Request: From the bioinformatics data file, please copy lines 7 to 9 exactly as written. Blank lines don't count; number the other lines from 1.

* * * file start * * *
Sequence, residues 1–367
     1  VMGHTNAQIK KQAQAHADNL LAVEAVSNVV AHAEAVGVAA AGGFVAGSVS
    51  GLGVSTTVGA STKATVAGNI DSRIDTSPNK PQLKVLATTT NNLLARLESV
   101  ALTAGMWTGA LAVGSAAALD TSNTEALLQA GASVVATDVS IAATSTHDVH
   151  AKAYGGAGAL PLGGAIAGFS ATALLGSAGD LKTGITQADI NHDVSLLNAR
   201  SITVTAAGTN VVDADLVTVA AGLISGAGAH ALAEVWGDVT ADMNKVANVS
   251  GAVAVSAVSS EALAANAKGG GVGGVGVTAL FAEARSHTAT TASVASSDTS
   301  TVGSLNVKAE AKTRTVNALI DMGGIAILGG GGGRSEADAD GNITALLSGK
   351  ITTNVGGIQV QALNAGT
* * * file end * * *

   251  GAVAVSAVSS EALAANAKGG GVGGVGVTAL FAEARSHTAT TASVASSDTS
   301  TVGSLNVKAE AKTRTVNALI DMGGIAILGG GGGRSEADAD GNITALLSGK
   351  ITTNVGGIQV QALNAGT